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    The Lawletter Blog

    TRADEMARKS: Law of Competition—Unfair Competition

    Posted by Gale Burns on Thu, Sep 6, 2012 @ 12:09 PM

    The Lawletter Vol 37 No 5

    Tim Snider, Senior Attorney, National Legal Research Group

    There are occasions when it pays to plead a state law cause of action, even though the main claim arises predominantly under federal law.  In Belk, Inc. v. Meyer Corp., U.S., 679 F.3d 146 (4th Cir. 2012), Meyer claimed that Belk had infringed certain of its copyrights, trademarks, and trade dress in selling at retail a certain line of high-end cookware.  After a nine-day trial, the court found, based on the jury's factual findings, that Belk had engaged in unfair and deceptive trade practices as a matter of law. The jury found that Belk had distributed, marketed, and sold a private‑label cookware line that was "deceptively similar" to Meyer's trademarked product line.  Belk did so after receiving product, sales, and market information, as well as images and samples of Meyer's line.  Finally, Belk purchased a cookware design from a third party that was "deceptively similar" to Meyer's product line, even after learning that proposed designs sold by the third party were being sold by Meyer.

    After the jury rendered its verdict, the district court observed that the jury had made its findings regarding Meyer's claim for unfair and deceptive trade practices, and the court invited argument from the parties as to whether those findings were sufficient as a matter of law to establish that Belk had engaged in unfair and deceptive trade practices under North Carolina law. After argument, the district court determined that, based on the jury's findings, Belk had engaged in unfair and deceptive trade practices as a matter of law and that Meyer was entitled to treble damages.  As a procedural matter, the Fourth Circuit concluded that Belk had forfeited its argument that the judgment was not supported by the evidence by failing to timely file a motion for a new trial under Federal Rule of Civil Procedure 50(b).  As the court put it, "[a] lawyer has a duty to preserve issues on the record for his client."  Id. at 160.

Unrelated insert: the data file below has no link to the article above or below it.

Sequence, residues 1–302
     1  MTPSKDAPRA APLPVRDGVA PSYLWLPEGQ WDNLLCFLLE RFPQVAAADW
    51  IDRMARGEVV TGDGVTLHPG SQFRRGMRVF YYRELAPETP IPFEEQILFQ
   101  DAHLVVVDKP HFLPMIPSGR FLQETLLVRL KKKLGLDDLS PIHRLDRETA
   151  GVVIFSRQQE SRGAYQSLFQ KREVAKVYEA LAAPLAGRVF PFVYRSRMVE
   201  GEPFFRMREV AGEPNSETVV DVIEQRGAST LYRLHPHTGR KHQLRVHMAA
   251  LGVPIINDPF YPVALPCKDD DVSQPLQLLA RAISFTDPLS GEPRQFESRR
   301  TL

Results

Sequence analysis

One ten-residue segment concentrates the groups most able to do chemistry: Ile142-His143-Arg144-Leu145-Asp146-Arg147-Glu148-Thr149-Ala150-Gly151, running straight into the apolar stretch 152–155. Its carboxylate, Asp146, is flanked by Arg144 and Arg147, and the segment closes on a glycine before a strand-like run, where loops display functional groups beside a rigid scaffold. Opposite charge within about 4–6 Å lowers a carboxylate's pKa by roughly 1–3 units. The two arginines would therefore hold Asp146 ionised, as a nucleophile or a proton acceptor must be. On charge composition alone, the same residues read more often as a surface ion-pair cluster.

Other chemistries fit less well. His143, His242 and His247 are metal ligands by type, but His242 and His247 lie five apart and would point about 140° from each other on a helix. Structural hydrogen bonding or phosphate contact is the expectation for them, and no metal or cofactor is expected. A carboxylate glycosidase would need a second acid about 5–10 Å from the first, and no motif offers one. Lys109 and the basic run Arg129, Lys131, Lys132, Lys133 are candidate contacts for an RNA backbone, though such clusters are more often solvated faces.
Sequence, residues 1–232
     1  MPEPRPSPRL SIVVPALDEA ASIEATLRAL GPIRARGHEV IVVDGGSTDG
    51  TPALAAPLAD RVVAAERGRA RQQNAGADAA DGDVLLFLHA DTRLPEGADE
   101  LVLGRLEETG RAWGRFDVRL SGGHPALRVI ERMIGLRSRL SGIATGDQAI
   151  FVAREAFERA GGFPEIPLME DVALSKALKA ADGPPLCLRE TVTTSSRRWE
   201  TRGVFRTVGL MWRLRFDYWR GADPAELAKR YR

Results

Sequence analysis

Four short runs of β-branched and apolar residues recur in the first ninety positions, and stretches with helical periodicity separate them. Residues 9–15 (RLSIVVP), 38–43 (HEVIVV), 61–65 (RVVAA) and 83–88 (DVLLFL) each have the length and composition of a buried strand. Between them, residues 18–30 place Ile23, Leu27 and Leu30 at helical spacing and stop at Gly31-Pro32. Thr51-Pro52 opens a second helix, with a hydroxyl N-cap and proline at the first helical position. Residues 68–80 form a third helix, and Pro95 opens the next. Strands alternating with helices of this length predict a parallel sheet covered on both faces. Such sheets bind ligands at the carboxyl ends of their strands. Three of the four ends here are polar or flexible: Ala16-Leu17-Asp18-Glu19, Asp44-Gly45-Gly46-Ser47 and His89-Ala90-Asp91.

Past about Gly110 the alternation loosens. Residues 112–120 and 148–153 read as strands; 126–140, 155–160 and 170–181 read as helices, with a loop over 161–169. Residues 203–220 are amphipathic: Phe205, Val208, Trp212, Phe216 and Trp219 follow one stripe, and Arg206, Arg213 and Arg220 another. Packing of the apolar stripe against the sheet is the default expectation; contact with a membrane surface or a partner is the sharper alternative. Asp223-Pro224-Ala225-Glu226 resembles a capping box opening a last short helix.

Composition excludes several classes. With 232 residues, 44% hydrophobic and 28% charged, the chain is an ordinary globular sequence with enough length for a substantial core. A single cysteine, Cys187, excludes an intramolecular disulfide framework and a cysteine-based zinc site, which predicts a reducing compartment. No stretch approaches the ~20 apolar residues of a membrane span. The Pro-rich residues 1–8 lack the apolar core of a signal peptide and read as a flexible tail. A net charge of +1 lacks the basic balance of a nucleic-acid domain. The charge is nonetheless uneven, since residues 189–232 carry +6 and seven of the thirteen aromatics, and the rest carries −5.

Under the Lanham Trademark Act, 15 U.S.C. § 1117(a), damages normally will not be trebled or attorney's fees awarded absent a finding that the case is exceptional or that the defendant's conduct warrants an enhanced award.  Upon a finding of a violation of North Carolina General Statutes section 75-1.1, however, treble damages are assessed automatically pursuant to section 75-16.  Once the jury found that Belk's conduct was unfair or deceptive, within the meaning of the statute, the award of treble damages was not discretionary.         

    Prudent counsel should always look to state law for additional or augmented remedies, even when the claim predominantly sounds in federal law.  Particularly in the field of unfair competition, state remedies can enhance or augment the remedy awarded for conduct that violates both federal and state law.

    Topics: legal research, Tim Snider, The Lawletter Vol 37 No 5, trademarks, enfringement, Belk, Inc. v. Meyer Corp., 4th Circuit, duty to preserve issues, 15 USC § 1117, no treble damages or attorney's fees award, state law may provide additional remedies for cond

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